Impact on productivity

Most organisations have determined that merit pay plans do not provide sufficient reward for the employees who consistently perform in an outstanding manner. Indeed, merit pay plans have lost their 'merit' and become entitlement plans, wherein all employees are given salary increase. With the pressure to provide salary increase to all, there is little left to reward the key employees. This has led to the wide-scale adoption of variable pay.

Such plans can be individual-based, team and/or organisation-based. Incentives can be developed in the forms of profit sharing, team incentive pools, awards for achievement against defined objectives, gain sharing, cost savings or management discretion. Yet, some organisations are designing plans that are destined to fail, since they have not considered a process for determining the need and value of variable pay plans.

"We have always had variable pay (project incentives, deadline bonuses, completion incentives etc) except for very junior entry level employment," says Chakravarthi. Employees have been either non-committal or positive because variable pay has always given them the incentive to work with quality. The variable pay increases incrementally with exceeding achieving targets and objectives. For example, if an employee got a 100 percent of his pay for 100 percent achievement, he would end up making 125-130 percent of the committed pay if he over achieved the objectives by 120-125 percent.

Motivation is the key benefit here as employees get an incentive to perform. They have to stretch their goals and hence are more productive. It also reinforces the feeling that the organisation is sharing it profits with the employees, thus creating a sense of belonging among them. It differentiates between the high and mediocre performer. "If used carefully, an organisation can use variable pay plans to fight attrition in a big way," states Tandon.

The flip side

Variable pay packages could also lead to strife among performers and non-performers, especially when biases while measuring performance are involved. Says Chakravarthy of Aditi, "The flip side is that it can cause discontentment among employees when the measuring system used to measure objectives is not robust and has more than a little amount of subjectivity." In the Indian scenario because of the psyche which exists that a bird in hand is worth two in the bush, employers might be in a difficult situation if the variable pay goes beyond the perceived acceptable levels. "If one were to take an average across functions, 75:25 would be a palatable ratio for fixed is to variable," adds Chakravarthy. Opines Tandon of CSC "I don't think there is any flip side to it as long as there are no biases involved. But it surely enhances productivity."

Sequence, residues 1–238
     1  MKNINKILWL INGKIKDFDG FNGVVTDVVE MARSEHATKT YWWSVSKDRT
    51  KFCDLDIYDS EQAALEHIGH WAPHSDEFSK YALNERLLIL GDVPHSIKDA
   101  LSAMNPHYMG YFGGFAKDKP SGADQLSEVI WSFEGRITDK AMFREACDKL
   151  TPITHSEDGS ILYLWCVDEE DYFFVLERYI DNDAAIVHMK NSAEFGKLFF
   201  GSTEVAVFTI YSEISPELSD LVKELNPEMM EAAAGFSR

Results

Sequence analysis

Variable pay packages can also make some employees complacent in the long run. The awards and recognition can make him too sure of himself beyond a point. Thus, it is important that the variable components are fairly distributed among different employees. Moreover, employees should be made to see it as a challenge to avail of those benefits and should be made to strive for it. The first time an employee receives an award, he or she perceives the reward as performance-based and greatly appreciates it. The second time the perception is that its a reminder and reinforcer of the performance. The third time an employee receives an award, the perception can be that it is an entitlement.

Organisations must strongly guard against permitting variable pay plans to become entitlement plans. "Beyond the regular salary hikes given to every employee, the variable component, especially the non-monitory incentives, should be regarded as a means to reward extraordinary performance. Very often for employees, it is not the reward but the idea of getting appreciated and recognised for their performance that triggers the craving to outshine others," says Sinha.

Communication-the key

The key to avoid such strife lies in good communication. Variable pay plans are often confusing, and employees do not understand them properly. This leads to a feeling of being cheated by the company among the employees.

Explains Sinha, "An organisation can design the best plan, but if employees do not understand-how it works, how will they benefit, and what is expected of them-it will fail."